281
Lecture

This course presents introductions to many of the basic concepts, issues and techniques related to designing, developing and deploying Web sites. During the course, students will learn about Web design, HTML, basic scripting, Dynamic HTML, and Cascading Style Sheets (CSS). Students will learn how to create sites both manually and through the use of Web site development software tool such as a text editor, Dreamweaver, and Adobe Photoshop.

 251
Lecture

This course introduces the student to the properties, logic, design, implementation, and access to business databases. Particular emphasis is placed on the relational approach to database management and processing, which focuses more on the logical nature of a database than its physical characteristics. Relational database programming assignments are drawn from the fields of business and government.

Notes: Offered as an online course.

 372
Lecture

A comprehensive introduction to the principles and techniques that impact human interaction with computers. Topics include the foundations of human-computer interaction, building a graphical user interface, human-centered software evaluation, human-centered software development, graphical user-interface design, graphical user-interface programming, HCI aspects of multimedia, and HCI aspects of collaboration and communication. Major research and the building of a working graphical user interface are included.

 283
Lecture

The architectural model for computer-based application intense software systems centers around component development and deployment. This course will explore concepts related to the development of dynamic component-based web systems including web page connectivity to database systems and the development and utilization of Web Services. Web services include the ability to integrate code written in different programming languages and the emerging platforms, architectures, and technologies (such as XML, SOAP, and WSDL) that have arisen to support the next generation of software systems. Specifically students in this course will have an opportunity to directly interact with an Integrated Development Environment (such as Microsoft’s .NET) and will be required to develop and implement dynamic Web pages and Web services.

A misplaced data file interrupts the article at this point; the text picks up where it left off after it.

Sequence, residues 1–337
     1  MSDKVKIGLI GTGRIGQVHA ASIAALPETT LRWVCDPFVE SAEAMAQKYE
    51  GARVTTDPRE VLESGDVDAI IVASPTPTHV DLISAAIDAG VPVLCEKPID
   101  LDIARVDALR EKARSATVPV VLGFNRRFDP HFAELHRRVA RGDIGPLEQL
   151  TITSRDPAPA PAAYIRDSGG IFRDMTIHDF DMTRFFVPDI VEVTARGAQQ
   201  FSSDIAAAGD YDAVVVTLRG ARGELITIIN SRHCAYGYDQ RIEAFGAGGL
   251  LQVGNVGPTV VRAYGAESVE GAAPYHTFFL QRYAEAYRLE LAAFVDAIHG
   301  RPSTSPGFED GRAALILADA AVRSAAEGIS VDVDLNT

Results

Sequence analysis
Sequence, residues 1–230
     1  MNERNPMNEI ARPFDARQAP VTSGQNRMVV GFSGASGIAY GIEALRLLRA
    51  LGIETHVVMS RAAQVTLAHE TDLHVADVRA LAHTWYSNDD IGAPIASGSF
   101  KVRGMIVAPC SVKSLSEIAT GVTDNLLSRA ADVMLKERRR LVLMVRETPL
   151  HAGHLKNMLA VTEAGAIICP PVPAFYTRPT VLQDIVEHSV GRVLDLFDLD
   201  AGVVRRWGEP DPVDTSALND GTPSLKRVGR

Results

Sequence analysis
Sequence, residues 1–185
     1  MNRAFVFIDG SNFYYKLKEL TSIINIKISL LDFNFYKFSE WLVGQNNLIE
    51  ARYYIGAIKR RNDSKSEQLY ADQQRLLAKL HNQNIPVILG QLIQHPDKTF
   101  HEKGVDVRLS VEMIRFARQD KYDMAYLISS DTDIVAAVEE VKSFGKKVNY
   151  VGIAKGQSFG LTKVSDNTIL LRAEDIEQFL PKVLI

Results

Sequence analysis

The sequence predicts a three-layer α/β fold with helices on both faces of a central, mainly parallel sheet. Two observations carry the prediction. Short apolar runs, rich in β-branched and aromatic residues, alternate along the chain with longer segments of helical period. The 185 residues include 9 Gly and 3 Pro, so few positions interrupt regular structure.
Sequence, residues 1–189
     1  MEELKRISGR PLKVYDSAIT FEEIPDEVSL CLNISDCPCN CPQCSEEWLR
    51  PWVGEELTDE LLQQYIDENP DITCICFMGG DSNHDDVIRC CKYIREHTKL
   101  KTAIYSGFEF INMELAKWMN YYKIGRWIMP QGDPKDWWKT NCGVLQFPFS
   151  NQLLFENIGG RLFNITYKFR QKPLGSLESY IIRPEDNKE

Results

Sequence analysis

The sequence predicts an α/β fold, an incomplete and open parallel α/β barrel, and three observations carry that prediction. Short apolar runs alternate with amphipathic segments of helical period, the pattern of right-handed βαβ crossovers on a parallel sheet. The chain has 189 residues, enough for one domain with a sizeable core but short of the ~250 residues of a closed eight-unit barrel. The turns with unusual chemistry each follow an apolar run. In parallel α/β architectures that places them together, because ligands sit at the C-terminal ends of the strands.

317
Lecture

Information systems that enable electronic transactions and communication have redefined the ways that firms compete, interact with value chain partners, and relate to customers. In the near future, all business will be e-business, and every organization will be required to effectively implement e-business solutions. This course explores enterprise e-business applications and the issues organizations encounter as they leverage Internet technologies to enhance communication and transactions with stakeholders.

 265
Lecture

An introduction to the various technical and administrative aspects of Information Security and Assurance. This course provides the foundation for understanding the key issues associated with protecting information assets, determining the levels of protection and response to security incidents, and designing a consistent, reasonable information security system, with appropriate intrusion detection and reporting features.

Notes: Offered as an online course.

 362